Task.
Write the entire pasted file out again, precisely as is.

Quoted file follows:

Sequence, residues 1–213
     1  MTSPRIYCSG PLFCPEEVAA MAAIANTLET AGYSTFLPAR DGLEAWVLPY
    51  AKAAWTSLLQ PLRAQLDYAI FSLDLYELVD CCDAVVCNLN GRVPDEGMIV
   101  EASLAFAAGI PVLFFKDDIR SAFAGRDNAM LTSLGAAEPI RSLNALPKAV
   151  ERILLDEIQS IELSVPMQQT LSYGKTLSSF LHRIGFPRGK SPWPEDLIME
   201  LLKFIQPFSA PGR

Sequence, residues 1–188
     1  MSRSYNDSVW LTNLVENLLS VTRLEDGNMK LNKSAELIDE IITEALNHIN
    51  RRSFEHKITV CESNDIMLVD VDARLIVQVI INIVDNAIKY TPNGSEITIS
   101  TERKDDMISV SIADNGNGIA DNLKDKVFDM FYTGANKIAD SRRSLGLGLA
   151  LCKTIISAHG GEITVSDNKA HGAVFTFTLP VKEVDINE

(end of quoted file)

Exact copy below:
Sequence, residues 1–213
     1  MTSPRIYCSG PLFCPEEVAA MAAIANTLET AGYSTFLPAR DGLEAWVLPY
    51  AKAAWTSLLQ PLRAQLDYAI FSLDLYELVD CCDAVVCNLN GRVPDEGMIV
   101  EASLAFAAGI PVLFFKDDIR SAFAGRDNAM LTSLGAAEPI RSLNALPKAV
   151  ERILLDEIQS IELSVPMQQT LSYGKTLSSF LHRIGFPRGK SPWPEDLIME
   201  LLKFIQPFSA PGR

Sequence, residues 1–188
     1  MSRSYNDSVW LTNLVENLLS VTRLEDGNMK LNKSAELIDE IITEALNHIN
    51  RRSFEHKITV CESNDIMLVD VDARLIVQVI INIVDNAIKY TPNGSEITIS
   101  TERKDDMISV SIADNGNGIA DNLKDKVFDM FYTGANKIAD SRRSLGLGLA
   151  LCKTIISAHG GEITVSDNKA HGAVFTFTLP VKEVDINE